Blues country

Image hosted by Photobucket.com

The Yazoo-Mississippi Delta is a vast, inland delta or floodplain stretching from Memphis in the north to Vicksburg in the south, and miles deep in rich, alluvial soil. Rocks, such as this rip-rap along the bayou in downtown Cleveland, Mississippi, are a valuable commodity.

Image hosted by Photobucket.com

“As for surrealism, I think there’s more of it in the blues [than in jazz]. The early stuff, especially. Most people know Bessie Smith and perhaps Robert Johnson, but there are many others. Incredible verbal invention. What one would call ‘jive,’ but also eroticism, the tragic sense of life. If the blues were French, we’d be studying it at Yale.”
Charles Simic (interview with Sherod Santos)

Image hosted by Photobucket.com

“Some of my blues is kinda sad blues ’cause sometimes I be feeling down and out. And I know some other womens do too. I play them so it will hit somebody. The songs are for anybody that listen to it – so I can tell ’em. … Shotgun, everywhere I play it, everybody like it. It’s just kinda of you’ve been mistreated and you want to blow somebody away. [laughs]. The other one is about nosy neighbors. They talk about you all the time. See, I got a lot of neighbors talking, lie, go on about me. They all the time lying and going on. And I just sat out in the yard and made a record about them. Turned the amplifier up as loud as I could get it so they could get the message.”
Jessie Mae Hemphill (1991 interview)

Image hosted by Photobucket.com

Nearly 400 families lived on the Dockery plantation in the 1920s, when the style of guitar blues later associated with Clarksdale (and still later with the South Side of Chicago) first took shape. Blues researcher and native Mississippian Gayle Dean Wardlow: “It may at first seem fantastic that three of the very best bluesmen – [Charley] Patton, Son House, and Willie Brown – should have been on the same plantation at the same time. However, once we accept [Patton’s sister] Viola’s statement that Patton taught them all, it no longer seems so remarkable…. Brown was Patton’s closest disciple. Son House, with his dark brooding singing and strange chording, started a following of his own.”

Image hosted by Photobucket.com

Parchman Farm, still one of the most brutal prisons in the United States. David Oshinsky:

The most common offenses – fighting, stealing, “disrespect” to an officer, and failure to meet work quotas – were punishable by five to fifteen lashes. Escape attempts carried an unspeakable penalty: a whipping without limits. One superintendent recalled a mass breakout in the 1930s in which a trusty-shooter was killed. “To get confessions,” he said, “I had whippings given to the eight we caught who weren’t wounded. Before the young ringleader confessed, I had him lashed on the buttocks, calves, and palms, then gave him fifteen lashes on the soles of his feet. This cleared his mind.”The number and severity of whippings depended on the sergeant in charge. “Book rules” meant little in the field camps, which were fiefdoms unto themselves. The sergeants worked in relative isolation. Some of them were alcoholics; a few were sadists. “They beat hell out of you for any reason or no reason,” an inmate remarked. “It’s the greatest pleasure of their lives.” Above all, the sergeants were under pressure to make a good crop, and that meant pushing the men. “What can you expect in the way of judgment at fifty dollars a month?” asked one prison official. “What kind of foreman on the outside [is] employed at fifty dollars a month? They usually pay foremen more than anybody else, the man who works the men, but that’s what they pay here – fifty dollars a month!”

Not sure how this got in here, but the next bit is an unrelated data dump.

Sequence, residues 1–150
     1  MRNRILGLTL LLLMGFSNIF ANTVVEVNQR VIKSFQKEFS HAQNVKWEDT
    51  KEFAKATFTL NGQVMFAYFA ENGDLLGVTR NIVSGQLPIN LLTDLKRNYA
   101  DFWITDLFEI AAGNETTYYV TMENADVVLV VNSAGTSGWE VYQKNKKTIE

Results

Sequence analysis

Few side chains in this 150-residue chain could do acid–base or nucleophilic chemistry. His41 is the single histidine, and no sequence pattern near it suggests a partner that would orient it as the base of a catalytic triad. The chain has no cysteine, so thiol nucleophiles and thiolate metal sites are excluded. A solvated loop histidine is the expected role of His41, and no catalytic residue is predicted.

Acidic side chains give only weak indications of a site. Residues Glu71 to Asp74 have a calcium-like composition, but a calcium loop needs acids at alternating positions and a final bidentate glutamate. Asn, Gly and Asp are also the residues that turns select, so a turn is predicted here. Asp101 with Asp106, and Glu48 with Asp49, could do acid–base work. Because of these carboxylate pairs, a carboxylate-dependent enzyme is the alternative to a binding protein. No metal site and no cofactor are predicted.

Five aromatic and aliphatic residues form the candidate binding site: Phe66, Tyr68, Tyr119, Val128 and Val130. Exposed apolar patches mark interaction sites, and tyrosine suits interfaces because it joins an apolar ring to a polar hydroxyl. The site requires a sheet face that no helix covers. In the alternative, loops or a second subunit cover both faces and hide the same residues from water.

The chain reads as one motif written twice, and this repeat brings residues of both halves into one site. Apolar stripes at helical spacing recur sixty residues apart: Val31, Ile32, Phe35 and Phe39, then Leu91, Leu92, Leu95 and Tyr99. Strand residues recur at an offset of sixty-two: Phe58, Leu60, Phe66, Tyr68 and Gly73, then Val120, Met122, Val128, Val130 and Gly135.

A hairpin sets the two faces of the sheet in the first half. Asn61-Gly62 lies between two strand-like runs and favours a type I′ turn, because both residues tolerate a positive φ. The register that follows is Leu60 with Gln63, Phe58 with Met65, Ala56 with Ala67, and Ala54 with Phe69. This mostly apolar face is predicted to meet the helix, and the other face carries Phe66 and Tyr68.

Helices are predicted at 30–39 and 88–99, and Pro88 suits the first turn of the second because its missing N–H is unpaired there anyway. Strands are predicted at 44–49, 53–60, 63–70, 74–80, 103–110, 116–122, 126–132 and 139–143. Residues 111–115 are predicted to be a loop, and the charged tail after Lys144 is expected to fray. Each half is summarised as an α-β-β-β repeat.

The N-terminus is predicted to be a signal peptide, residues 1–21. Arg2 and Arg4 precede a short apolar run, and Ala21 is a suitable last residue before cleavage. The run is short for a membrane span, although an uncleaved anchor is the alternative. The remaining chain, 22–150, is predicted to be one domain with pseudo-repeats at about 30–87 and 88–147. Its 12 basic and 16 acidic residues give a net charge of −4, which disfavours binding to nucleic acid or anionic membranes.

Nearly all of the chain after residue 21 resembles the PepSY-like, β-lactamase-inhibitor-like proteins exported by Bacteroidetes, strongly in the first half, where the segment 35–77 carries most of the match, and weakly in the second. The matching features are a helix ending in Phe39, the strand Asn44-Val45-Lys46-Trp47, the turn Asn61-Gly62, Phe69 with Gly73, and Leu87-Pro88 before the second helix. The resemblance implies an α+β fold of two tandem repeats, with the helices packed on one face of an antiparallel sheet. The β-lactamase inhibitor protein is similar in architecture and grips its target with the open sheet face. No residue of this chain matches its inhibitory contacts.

Oh listen you men, I don’t mean no harm
Oh listen you men, I don’t mean no harm
If you wanna do good, you better stay off old Parchman Farm

-Booker T. Washington “Bukka” White, “Parchman Farm Blues”

Image hosted by Photobucket.com

Amber waves of foam on the Mississippi River at Rosedale

Lord, I’m goin’ to Rosedale, gon’ take my rider by my side
Lord, I’m goin’ to Rosedale, gon’ take my rider by my side
We can still barrelhouse baby, on the riverside

– Robert Johnson, “Traveling Riverside Blues”

Image hosted by Photobucket.com

Eatery in Rosedale

“Blues taught me a number of things. How to tell a story quickly, economically. The value of gaps, ellipses, and most importantly, the value of simplicity and accessibility.”
– Charles Simic

Image hosted by Photobucket.com

Crossroads at sunset, Bolivar County, Mississippi

“The world’s still standing like it was a million years ago. Sun still comes up and goes down, wind still blow from the four corners of the earth, the stars still shine. It’s the peoples that live in the world that’s got it so messed up.”
– Big Jack Johnson (1991 interview)

Leave a Reply